Arlouskaya's interrogator eventually shoved a piece of paper into her hand. It spelled out the charges against her. She didn't read it. Not that it would matter. Without any trial or legal pretense, Arlouskaya was sentenced to 10 years of hard labor at a penal colony in Russia's Krasnoyarsk Krai region.
Soon, she was hauling heavy rock blasted out of a quarry in Krasnoyarsk and loading it onto railroad cars.
Work was abundant; food wasn't.
"We were all very hungry. Thin as rope," Arlouskaya explains.
She and her fellow prisoners always kept an eye on the bakery inside the penal colony.
"If there was smoke from the chimney, we knew there would be bread that day."
Dragging Out The Dead
The end of World War II in May 1945 did bring a bit of a dietary reprieve.
Arlouskaya feasted on a heaping bowl of buckwheat porridge as the camp 'celebrated' the surrender of Nazi Germany.
Hungry and cold, Arlouskaya slept in barracks, she and her fellow prisoners stacked tightly on wooden bunk beds.
"In the mornings, dead bodies would be dragged out. We never knew where they were taken. There were no graves," Arlouskaya says.
On February 10, 1948, Arlouskaya was released, 10 years after arriving at the camp.
She returned to Mohilev, but just over a year later she was back in Krasnoyarsk because, she says, she was never "rehabilitated" for the first offense.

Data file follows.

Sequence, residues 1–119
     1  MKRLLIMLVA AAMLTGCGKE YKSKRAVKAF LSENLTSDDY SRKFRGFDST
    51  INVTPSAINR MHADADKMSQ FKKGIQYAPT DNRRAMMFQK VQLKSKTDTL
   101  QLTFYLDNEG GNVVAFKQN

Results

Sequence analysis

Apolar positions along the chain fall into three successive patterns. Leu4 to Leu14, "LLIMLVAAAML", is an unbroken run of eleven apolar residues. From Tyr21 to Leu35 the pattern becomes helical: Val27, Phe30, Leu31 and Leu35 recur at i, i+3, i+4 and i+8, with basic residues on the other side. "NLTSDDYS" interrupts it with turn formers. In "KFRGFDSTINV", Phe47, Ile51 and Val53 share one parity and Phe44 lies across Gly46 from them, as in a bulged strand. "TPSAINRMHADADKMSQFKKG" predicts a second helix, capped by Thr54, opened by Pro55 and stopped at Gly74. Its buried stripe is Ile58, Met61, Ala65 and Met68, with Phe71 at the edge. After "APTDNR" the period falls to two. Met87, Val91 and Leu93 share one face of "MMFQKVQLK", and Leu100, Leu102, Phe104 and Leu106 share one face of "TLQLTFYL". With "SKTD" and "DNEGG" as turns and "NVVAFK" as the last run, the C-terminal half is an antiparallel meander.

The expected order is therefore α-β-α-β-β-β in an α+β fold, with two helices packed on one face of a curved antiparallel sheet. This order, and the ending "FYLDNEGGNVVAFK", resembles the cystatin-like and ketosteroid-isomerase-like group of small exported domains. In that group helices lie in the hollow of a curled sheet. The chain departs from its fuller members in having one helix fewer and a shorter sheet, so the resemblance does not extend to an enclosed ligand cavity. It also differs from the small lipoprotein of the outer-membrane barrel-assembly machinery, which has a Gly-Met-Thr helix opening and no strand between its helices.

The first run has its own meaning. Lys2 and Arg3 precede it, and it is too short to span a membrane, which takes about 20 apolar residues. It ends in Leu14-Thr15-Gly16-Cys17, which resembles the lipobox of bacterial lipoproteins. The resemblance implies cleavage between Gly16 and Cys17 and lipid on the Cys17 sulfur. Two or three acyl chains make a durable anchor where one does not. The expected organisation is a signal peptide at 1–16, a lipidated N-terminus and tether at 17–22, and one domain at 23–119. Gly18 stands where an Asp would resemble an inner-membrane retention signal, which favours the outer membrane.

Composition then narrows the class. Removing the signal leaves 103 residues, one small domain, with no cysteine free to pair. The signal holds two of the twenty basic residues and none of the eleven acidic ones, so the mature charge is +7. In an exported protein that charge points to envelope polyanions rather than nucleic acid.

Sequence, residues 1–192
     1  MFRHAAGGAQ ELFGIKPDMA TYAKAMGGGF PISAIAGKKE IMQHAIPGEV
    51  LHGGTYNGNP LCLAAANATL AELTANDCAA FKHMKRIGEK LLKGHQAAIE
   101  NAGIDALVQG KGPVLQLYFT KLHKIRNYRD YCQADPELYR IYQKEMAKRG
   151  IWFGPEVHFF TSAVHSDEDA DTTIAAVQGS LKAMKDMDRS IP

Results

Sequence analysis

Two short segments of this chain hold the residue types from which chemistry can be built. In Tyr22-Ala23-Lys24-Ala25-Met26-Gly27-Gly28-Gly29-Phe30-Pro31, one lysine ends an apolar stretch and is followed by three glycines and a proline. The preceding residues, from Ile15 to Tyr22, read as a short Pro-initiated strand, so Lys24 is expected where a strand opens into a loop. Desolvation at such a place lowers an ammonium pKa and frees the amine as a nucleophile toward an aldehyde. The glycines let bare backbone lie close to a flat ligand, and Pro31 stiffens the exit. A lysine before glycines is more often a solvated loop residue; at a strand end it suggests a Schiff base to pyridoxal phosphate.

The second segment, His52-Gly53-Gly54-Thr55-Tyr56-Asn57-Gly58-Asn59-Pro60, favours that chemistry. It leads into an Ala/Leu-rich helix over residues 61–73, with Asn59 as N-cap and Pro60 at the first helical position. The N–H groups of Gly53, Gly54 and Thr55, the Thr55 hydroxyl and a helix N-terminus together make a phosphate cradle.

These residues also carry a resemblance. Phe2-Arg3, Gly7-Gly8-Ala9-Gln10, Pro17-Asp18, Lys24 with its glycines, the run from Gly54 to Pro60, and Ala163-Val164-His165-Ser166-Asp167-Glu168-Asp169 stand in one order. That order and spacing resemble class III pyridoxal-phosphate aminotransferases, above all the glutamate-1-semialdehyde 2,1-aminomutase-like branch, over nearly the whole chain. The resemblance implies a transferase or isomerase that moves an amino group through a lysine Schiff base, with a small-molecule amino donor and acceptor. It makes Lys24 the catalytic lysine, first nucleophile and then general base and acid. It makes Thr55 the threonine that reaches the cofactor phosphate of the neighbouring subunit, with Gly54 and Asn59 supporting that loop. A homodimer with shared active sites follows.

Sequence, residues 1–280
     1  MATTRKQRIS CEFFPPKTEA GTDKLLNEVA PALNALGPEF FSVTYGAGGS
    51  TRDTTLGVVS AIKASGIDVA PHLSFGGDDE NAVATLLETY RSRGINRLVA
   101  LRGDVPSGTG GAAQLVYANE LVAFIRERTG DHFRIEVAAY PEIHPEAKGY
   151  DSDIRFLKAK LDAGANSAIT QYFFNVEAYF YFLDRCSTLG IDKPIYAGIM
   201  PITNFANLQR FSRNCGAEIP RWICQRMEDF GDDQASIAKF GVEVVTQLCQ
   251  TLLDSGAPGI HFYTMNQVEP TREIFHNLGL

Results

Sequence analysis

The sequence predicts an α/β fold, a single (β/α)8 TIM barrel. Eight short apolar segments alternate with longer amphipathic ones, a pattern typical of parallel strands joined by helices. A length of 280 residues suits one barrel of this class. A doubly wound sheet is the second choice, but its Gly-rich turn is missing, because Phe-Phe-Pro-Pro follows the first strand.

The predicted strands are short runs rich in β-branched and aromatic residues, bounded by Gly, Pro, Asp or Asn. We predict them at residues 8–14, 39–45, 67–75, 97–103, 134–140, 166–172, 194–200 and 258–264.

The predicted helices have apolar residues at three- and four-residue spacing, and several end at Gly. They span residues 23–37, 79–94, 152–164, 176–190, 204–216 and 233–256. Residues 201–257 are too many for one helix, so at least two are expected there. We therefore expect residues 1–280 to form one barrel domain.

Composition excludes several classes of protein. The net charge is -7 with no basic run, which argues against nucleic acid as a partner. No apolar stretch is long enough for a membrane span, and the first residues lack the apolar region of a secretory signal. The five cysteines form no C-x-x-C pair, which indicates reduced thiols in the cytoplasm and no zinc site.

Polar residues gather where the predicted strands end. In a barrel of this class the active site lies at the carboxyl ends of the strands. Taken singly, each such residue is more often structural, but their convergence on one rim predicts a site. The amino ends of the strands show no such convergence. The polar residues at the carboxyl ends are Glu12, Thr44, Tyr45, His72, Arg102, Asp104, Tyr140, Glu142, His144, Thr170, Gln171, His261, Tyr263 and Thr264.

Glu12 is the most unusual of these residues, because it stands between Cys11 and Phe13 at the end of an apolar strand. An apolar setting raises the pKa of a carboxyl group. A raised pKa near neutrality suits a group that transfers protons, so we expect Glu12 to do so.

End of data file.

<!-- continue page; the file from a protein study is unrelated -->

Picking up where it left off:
This time, she was granted freer movement, and eventually met another prisoner, Mikalay Milanovic, who would become her husband and father to two children, a boy and a girl.
When Stalin died on March 5, 1953, Arlouskaya says, nearly all her fellow prisoners felt genuine grief, even though the Soviet dictator had overseen the system that treated them so cruelly.
"I was scared because I didn't know what would come next. I was happy Stalin had died because I knew he was responsible for everything that had happened to me," Arlouskaya explains.
Nikita Khrushchev came next, and he undid some of the cruel excesses of Stalinism. Millions of prisoners were released in late 1950s and 1960s in what became known as the Thaw.
'Enemy Of The People'
Arlouskaya was freed on October 18, 1955, following a ruling by a local military tribunal to rehabilitate her.